Employee Contributions to Sponsored Health Plans Reaches All-Time High
A new report shows the contributions employees makeÂ to their employer-sponsoredÂ health insurance plans have reached an all-time high. The report, released by actuarial consulting firm Milliman Inc., says that costs have more than doubled for some American families over the past nine years andÂ show few signs of dropping this year.
Health-Care Costs Paid by Workers Jumps to 40 Percent
The Milliman report has revealed that while employers still pay most of the total health care costs for families, the portion paid by workers has reached an all-time high of almost 40 percent for the year.
The firm noted thatÂ larger contributionsÂ haveÂ been required to compensate for increases at the pharmacy, inpatient/outpatient hospital and doctor’s office that have affected health care costs as a whole.
The firm’s health care cost measurement, known as the Milliman Medical Index, studied provider fees, benefits and average health care use in all 50 states. Included in the costs are insurance premiums for health care and other out-of-pocket costs likeÂ co-payments,Â deductibles andÂ co-insurance payments.
Health Costs for Employees Projected to Jump to $8,008
According to the report, employees who pay intoÂ Preferred Provider Organization (PPO) employer-sponsored health insuranceÂ plans for a family of four are expected to dish out a projected $8,008 this year. This represents an increase of $84 aÂ weekÂ over the annual payment made in 2002, which was $3,634.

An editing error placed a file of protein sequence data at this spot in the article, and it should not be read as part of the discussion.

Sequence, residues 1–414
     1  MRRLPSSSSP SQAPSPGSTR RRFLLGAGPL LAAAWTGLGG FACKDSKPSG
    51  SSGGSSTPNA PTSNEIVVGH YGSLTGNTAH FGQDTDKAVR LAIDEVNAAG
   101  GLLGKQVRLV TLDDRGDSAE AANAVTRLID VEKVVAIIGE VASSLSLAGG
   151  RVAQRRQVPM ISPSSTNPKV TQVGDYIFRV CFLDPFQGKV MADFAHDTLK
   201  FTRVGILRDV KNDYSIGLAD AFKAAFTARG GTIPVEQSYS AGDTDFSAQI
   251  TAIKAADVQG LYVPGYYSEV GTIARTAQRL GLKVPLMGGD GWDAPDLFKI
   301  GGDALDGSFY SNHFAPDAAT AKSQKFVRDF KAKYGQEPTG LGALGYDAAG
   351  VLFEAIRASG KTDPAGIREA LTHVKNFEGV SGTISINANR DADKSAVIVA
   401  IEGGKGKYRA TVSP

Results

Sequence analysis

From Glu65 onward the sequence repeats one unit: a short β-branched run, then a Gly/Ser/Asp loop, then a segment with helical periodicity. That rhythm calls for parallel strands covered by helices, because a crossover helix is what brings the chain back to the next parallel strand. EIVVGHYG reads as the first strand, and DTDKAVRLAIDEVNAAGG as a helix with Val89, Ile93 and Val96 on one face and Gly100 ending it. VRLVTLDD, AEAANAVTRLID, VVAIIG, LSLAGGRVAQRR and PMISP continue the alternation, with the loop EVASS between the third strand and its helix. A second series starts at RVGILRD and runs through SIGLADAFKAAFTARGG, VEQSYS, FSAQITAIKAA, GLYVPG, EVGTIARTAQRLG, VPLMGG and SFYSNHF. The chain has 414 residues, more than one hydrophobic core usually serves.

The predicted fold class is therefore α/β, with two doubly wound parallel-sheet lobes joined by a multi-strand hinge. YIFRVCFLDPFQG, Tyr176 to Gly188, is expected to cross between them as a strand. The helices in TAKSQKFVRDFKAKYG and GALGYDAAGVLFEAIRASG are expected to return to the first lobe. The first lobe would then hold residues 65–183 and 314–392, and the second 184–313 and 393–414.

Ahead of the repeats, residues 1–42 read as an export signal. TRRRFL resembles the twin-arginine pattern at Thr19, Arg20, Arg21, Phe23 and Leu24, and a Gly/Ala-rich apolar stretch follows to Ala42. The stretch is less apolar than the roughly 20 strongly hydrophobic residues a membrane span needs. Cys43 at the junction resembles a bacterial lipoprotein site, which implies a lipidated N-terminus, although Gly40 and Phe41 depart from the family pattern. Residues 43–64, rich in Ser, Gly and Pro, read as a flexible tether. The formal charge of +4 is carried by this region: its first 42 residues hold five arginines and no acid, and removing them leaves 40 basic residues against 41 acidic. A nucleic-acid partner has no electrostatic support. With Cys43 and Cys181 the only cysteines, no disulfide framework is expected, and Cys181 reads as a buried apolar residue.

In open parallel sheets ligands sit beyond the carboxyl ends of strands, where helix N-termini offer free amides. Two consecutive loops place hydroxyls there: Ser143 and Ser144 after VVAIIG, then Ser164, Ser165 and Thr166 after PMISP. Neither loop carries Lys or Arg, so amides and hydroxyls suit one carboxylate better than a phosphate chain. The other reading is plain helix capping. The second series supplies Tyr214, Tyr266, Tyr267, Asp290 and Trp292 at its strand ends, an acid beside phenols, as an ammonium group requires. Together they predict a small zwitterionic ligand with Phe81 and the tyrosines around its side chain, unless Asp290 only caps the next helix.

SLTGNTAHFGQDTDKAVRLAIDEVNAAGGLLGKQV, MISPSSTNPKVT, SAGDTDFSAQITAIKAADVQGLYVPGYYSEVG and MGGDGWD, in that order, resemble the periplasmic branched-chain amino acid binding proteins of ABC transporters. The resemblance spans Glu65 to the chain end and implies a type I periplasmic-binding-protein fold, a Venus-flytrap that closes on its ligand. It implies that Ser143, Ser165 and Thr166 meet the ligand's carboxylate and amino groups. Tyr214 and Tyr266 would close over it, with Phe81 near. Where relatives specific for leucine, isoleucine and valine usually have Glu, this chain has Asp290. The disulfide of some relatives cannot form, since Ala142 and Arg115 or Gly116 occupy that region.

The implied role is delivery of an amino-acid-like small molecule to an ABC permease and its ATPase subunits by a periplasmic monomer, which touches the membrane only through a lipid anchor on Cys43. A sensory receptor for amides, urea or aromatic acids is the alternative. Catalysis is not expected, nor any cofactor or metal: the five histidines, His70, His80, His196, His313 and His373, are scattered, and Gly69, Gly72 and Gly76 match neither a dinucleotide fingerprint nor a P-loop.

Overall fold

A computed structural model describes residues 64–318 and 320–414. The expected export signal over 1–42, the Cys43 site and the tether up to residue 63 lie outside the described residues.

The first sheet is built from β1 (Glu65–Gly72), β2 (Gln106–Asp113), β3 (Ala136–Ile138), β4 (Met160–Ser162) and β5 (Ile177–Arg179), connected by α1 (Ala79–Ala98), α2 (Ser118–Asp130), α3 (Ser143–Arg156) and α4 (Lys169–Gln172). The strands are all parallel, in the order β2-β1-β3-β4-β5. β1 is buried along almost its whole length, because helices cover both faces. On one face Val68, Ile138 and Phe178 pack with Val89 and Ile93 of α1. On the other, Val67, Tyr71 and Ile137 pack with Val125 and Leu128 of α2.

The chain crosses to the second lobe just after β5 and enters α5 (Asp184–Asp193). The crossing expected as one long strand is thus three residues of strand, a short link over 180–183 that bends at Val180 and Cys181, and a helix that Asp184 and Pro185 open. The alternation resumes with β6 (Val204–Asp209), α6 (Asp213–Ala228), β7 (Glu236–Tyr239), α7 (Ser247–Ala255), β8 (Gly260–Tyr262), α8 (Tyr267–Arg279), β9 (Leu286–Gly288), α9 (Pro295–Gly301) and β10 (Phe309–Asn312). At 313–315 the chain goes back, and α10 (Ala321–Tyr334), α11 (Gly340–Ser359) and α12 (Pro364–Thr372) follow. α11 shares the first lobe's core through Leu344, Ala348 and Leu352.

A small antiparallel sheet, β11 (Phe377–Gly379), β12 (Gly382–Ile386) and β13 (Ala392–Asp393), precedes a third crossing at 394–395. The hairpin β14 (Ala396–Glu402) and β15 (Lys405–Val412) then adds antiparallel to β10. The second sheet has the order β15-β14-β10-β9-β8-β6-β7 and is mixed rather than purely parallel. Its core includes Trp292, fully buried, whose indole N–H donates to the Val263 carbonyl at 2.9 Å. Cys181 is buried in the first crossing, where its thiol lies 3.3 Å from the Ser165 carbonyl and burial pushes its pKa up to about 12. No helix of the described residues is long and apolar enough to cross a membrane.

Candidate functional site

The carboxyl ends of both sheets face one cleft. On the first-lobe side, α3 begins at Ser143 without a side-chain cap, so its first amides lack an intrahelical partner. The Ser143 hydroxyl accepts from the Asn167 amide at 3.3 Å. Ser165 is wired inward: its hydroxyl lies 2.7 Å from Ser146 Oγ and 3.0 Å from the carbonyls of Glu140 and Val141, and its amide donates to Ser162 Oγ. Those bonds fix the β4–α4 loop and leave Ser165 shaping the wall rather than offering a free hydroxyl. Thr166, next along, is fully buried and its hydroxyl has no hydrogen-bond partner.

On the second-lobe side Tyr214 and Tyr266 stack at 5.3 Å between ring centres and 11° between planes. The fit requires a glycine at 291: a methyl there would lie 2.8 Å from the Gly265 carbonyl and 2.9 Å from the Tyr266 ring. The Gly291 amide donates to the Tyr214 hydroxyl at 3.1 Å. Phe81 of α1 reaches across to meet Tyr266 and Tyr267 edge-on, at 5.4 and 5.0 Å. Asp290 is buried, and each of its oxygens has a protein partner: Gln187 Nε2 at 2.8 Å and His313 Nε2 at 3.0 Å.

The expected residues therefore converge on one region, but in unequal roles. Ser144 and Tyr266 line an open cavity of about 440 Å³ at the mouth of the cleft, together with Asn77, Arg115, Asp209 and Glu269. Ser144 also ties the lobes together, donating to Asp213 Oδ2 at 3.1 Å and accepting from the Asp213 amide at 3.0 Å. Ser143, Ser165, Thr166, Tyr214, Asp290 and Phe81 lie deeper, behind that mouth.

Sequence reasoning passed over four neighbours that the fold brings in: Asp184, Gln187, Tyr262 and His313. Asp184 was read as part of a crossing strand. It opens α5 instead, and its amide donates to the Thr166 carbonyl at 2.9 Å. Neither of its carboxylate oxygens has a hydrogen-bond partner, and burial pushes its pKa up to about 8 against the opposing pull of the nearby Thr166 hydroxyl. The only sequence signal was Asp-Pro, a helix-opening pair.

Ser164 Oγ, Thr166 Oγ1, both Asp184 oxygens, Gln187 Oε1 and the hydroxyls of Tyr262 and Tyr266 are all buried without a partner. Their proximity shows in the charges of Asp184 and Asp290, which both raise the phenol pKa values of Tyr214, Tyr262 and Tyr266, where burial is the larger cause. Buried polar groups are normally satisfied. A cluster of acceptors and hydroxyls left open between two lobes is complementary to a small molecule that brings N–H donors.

The health care costs for employer contributions have increased as well. When combining employee and employer costs for a family of four, the total for the year so far is $19,393 from $9,235 in 2020. This 2011 total represents a 7 percent increase from 2010.
While the rise in health care costs is slower in 2011 than other years, costs are still rising at a much faster rate than costs inÂ other consumer areas. And it looks thatÂ the trendÂ in cost increases is notÂ expected to change soon.
Lorraine Mayne, consulting actuary for the firm and one of the report’s authors, toldÂ The Washington Post, “We don’t see anything on the near-term horizon that’s going to bend that downward.” She also noted that the health care overhaul has so far had no impact on risingÂ health care costs for the year.